3.)  “Without question, it would have pleased me to hear my teachers address me in Spanish when I entered the classroom. I would have felt much less afraid. I would have trusted and responded with ease. But I would have delayed—for how long postponed? – having to learn the language of the public society…learning the great lesson of of school, that I had a public identity. Fortunately, my teachers were unsentimental about their responsibility. What they understood was that I needed to speak a public language.”
After I read this quote, it made me think back to Johnson and Delpit again. In this quote, Rodriguez is fully aware that he needs to learn the "public" language of society, even though he lives in a "private" language society because he is Spanish. In Delpit's essay, she suggests that we need to give the children tools to understand the language that is known by most of our society and this is what I feel is being suggested here as well. I think that Rodriguez is saying in order to succeed in "the white man's world" you must learn the primary language of that society.

Monday, February 11, 2013

White Privilege- McIntosh, REFLECTION

As I read through "White Privilege" by Peggy McIntosh, race was the main theme that stuck with me the whole time that I was reading it. While reading through this piece, I found it very interesting when McIntosh focused on the daily effects of white privilege in her life. Unfortunately, a lot of the effects that she focused on were things that you see in society today. For example, McIntosh states "I can go shopping alone most of the time, pretty well assured that I will not be followed or harassed." This is something that we see in today's world. If someone of color walks into a store, they are more likely to be followed and be portrayed as suspicious rather than someone who has "white privilege". Another aspect that McIntosh focuses on is discrimination. She basically tells us that she does not know what it feels like to be discriminated against because she is not black. She is white so therefore, most of us can relate to this because we don't know what it feels like to be alienated because of our skin color.

I definitely enjoyed McIntosh's reading much more than Delpit's reading. I feel like it was easier to understand and people could relate to it more, especially with McIntosh focusing on daily effects in her life. A question that I have for everyone is can you think of an example for each one of McIntosh's daily effects? Some are easier to comprehend like the example I described. However, some are a little more difficult. But if someone in this society can relate to all of these, other people might be able to as well. I also think that its very interesting how she ties her everyday life into this piece. As you read through her piece, she mostly talks about people of color being discriminated against. But as I looked through everyone else's blog, I noticed Kerri put up a question asking if anyone who is white has ever felt discriminated. I thought her question was interesting and I never would have thought of that!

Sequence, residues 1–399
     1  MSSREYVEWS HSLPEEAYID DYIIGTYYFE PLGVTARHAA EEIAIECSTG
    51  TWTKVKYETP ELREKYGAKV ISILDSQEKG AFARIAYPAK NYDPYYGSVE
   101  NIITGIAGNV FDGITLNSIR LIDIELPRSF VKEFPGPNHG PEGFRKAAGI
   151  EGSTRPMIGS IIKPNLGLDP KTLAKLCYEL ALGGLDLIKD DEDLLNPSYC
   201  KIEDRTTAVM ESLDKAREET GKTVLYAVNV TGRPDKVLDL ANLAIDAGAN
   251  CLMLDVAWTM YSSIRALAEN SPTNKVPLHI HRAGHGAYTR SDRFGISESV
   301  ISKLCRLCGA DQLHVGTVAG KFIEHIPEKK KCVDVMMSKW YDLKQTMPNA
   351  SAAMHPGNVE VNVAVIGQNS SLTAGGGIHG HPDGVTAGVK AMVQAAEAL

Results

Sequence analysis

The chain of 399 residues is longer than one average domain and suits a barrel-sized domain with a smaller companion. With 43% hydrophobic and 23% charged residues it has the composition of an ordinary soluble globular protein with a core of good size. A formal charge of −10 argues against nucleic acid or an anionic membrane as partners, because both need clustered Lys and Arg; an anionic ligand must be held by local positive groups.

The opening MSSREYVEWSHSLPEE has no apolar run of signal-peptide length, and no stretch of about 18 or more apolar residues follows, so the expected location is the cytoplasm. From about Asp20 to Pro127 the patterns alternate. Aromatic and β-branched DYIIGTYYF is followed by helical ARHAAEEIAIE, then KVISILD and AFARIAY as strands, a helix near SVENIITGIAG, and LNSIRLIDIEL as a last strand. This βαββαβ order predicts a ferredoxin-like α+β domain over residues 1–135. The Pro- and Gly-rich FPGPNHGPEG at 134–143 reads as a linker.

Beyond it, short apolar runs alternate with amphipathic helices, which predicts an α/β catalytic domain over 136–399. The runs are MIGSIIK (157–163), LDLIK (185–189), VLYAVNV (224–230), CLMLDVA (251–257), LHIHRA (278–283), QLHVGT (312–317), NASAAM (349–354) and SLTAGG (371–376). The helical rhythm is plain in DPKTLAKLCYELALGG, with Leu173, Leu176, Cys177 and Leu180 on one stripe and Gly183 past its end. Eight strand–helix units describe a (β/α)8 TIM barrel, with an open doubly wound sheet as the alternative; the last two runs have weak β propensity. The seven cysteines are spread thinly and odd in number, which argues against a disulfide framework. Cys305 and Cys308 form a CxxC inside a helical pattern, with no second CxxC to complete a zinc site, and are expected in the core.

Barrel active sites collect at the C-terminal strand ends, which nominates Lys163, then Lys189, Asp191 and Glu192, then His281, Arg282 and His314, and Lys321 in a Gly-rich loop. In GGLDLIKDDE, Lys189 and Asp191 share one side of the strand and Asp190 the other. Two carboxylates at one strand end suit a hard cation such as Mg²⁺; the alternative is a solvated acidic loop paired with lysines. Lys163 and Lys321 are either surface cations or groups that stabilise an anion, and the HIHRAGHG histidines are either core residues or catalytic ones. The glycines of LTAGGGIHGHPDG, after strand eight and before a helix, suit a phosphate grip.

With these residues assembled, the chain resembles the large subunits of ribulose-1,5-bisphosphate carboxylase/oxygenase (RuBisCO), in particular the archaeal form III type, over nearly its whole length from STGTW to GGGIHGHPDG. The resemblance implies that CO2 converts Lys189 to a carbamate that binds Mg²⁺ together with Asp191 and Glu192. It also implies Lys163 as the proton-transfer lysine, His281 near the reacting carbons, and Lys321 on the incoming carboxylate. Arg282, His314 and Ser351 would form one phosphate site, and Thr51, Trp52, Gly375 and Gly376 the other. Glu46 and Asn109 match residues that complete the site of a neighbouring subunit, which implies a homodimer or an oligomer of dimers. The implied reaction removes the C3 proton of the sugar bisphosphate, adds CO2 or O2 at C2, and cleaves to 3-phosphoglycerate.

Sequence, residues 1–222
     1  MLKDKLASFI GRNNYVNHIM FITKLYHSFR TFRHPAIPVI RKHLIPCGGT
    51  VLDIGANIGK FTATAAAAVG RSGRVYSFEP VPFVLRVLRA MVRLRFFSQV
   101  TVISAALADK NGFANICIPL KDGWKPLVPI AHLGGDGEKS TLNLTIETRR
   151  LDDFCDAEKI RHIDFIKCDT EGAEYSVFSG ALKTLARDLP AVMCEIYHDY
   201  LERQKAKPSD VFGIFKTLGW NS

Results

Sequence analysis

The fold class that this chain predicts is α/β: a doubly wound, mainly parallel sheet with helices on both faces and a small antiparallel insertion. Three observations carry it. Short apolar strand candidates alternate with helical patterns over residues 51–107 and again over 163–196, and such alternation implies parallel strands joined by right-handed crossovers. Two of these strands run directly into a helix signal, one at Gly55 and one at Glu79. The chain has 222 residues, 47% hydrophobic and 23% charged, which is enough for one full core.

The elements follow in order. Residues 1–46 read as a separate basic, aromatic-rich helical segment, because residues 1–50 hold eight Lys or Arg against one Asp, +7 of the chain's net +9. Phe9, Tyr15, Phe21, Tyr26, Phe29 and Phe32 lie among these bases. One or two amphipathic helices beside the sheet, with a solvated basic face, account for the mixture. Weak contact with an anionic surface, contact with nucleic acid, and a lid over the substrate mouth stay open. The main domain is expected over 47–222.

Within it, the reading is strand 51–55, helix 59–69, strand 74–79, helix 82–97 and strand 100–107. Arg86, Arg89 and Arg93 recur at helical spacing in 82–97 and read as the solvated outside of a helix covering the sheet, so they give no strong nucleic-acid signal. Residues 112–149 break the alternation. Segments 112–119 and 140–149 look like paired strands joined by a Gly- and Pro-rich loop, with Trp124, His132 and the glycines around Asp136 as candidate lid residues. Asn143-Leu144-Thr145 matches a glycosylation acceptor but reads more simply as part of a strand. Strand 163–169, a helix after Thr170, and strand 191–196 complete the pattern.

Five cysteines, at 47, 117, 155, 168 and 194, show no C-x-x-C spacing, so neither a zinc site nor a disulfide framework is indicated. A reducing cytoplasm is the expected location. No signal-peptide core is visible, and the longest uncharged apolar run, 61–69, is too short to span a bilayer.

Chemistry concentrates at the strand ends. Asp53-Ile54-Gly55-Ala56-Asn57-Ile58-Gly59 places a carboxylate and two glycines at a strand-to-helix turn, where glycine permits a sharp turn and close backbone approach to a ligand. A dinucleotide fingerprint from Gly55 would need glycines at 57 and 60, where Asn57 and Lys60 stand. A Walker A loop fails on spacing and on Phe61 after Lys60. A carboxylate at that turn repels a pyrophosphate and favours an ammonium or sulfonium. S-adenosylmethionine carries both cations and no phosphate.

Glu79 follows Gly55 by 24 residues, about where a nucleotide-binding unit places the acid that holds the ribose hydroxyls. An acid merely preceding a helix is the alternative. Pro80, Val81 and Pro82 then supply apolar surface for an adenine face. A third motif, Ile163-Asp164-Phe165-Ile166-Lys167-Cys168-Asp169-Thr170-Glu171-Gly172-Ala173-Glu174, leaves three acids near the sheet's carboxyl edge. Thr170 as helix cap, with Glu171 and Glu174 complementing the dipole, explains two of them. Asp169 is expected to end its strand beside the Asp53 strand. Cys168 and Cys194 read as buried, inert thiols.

First Post- About Me

Now that I finally have power back, I can get started with my blog! My name is Alyssa Dorr and I am a second semester freshman here at RIC. I am majoring in Elementary Education and I'm thinking about doing Special Education as my concentration. I live in Cranston, RI so it takes me about 15 minutes to get to school. Unfortunately, I work at McDonalds in Warwick. I'm there all the time so if you stop by I'm sure I'll be there! I have one younger sister and a puppy named Sammy! I love spending time with my family, friends, and my boyfriend when hes not away at college in New York :(  I also have a sick obsession with Disney! I've been to Disneyworld about 7 times and I just want to live there! Something I love about this class is the way Dr. Bogad teaches and how mostly everyone is able to get involved in discussions, its not just your typical lecture class! I am also looking forward to completing my service learning project this semester!